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Philosophy: The Power of Ideas
Philosophy: The Power of Ideas, 5/e
Brooke Moore
Kenneth Bruder

Powerful Ideas


Aesthetics  The philosophical study of art and of value judgments about art and of beauty in general.
Appeals to Emotion  Flawed reasoning that tried to establish conclusions solely by attempting to arouse or play on the emotions of the audience.
Argument  A series of propositions, one of which is supposedly supported by the others.
Argument ad hominem  The mistaken idea that you can successfully challenge any view by criticizing the person whose view it is.
Begging the question  The fallacy that involves assuming as a premise the very conclusion that the argument is intended to prove.
Black-or-white fallacy  An argument that limits us to two options when in fact more options exist.
Conclusion  The proposition you are trying to establish in an argument.
Epistemology  The branch of philosophy concerned primarily with the nature and possibility of knowledge.
Ethics  The branch of philosophy that considers the nature, criteria, sources, logic, and validity of moral value judgments.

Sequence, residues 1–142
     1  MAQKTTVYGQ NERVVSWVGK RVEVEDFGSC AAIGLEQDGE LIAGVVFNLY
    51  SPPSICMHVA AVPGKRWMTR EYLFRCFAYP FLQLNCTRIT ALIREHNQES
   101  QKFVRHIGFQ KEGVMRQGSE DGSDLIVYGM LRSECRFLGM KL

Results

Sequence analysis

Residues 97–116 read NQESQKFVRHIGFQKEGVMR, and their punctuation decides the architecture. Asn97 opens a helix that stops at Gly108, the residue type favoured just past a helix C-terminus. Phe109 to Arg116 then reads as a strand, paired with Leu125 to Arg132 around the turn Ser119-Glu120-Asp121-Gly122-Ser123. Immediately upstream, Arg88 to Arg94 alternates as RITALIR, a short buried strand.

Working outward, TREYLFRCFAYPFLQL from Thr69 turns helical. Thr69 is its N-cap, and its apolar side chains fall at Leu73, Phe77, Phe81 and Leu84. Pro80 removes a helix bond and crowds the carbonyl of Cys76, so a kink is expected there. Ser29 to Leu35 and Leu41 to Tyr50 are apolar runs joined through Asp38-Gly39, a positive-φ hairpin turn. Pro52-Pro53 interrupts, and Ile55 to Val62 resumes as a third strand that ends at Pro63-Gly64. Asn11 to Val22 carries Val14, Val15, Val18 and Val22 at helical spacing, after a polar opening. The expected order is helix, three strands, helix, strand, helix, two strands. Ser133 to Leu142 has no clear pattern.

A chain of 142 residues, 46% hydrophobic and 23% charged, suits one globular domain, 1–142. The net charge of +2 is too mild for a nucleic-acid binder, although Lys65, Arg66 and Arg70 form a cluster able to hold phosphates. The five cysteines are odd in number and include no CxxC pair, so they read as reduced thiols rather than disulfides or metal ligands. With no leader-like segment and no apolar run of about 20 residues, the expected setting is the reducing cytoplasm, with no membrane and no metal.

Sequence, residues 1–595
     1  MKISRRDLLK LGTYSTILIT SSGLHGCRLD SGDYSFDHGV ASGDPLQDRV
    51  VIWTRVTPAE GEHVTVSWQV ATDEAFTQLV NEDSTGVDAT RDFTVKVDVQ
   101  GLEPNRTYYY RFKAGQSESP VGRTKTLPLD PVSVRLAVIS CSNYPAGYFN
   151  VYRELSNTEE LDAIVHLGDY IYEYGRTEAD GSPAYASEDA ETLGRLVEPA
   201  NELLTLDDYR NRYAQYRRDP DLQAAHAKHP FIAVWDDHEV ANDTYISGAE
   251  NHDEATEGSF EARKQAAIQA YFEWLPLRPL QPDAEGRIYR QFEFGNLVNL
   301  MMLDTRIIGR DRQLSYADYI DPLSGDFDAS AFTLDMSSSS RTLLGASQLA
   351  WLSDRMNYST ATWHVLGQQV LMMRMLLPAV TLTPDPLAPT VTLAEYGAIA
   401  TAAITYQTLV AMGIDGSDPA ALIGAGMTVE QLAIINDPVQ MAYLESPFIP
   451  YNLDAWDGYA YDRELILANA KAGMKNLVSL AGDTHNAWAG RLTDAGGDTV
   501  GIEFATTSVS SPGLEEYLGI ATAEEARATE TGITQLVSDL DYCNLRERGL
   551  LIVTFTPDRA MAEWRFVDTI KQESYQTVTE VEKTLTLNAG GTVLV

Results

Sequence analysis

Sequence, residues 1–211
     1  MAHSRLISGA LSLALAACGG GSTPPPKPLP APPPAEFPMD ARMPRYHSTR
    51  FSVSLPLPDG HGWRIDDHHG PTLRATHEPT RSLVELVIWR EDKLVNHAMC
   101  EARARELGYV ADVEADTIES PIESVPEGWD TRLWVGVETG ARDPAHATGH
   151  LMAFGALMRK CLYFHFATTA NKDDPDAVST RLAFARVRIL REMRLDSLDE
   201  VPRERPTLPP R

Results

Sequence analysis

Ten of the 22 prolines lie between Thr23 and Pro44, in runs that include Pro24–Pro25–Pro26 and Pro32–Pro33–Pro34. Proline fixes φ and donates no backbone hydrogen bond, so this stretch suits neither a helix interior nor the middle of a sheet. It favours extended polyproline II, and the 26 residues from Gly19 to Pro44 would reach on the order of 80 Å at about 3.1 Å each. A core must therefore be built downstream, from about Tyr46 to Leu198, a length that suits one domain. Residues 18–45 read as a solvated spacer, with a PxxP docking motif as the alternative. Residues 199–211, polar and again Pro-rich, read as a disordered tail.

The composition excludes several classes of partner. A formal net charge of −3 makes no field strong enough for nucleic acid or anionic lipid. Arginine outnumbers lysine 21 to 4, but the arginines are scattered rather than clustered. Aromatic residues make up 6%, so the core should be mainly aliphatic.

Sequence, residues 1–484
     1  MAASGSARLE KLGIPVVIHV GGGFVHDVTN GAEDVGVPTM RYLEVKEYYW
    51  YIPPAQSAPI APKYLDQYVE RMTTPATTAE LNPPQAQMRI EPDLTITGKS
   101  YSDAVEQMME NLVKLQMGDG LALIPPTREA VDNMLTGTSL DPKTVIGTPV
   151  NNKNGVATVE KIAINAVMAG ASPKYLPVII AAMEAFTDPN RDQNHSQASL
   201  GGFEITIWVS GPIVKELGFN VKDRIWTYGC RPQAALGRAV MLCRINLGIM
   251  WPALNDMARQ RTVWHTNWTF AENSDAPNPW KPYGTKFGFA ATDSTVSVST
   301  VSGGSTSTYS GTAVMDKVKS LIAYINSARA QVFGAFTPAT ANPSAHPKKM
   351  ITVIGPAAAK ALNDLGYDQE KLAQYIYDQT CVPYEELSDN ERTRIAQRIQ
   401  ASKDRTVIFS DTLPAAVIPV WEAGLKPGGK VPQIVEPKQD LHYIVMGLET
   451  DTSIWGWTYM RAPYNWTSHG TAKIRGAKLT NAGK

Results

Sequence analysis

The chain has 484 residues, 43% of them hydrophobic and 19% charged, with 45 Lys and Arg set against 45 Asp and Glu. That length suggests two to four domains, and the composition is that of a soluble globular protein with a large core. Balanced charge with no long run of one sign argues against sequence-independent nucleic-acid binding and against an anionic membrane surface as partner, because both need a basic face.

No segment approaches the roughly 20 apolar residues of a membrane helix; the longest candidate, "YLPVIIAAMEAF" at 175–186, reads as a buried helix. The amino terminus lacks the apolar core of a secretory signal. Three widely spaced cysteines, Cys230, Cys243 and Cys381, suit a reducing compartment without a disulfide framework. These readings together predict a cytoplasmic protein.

Fallacy  A commonly made mistake in reasoning.
Logic  The study of the methods, principles, and criteria of correct reasoning.
Metaphysics  The branch of philosophy that studies the nature and fundamental features of being.
Normative ethics  A system of moral value judgments together with their justifications.
Political philosophy  The philosophical study of the state, its justification, and its ethically proper organization.
Premises  In an argument, the propositions or reasoning you give for accepting the conclusion of an argument.
Red herring  The fallacy of addressing a point other than the one actually at issue.
Social philosophy  The philosophical study of society and its institutions; concerned especially with determining the features of the idea or best society.
Straw man  The fallacy of trying to refute someone's view by misrepresenting it.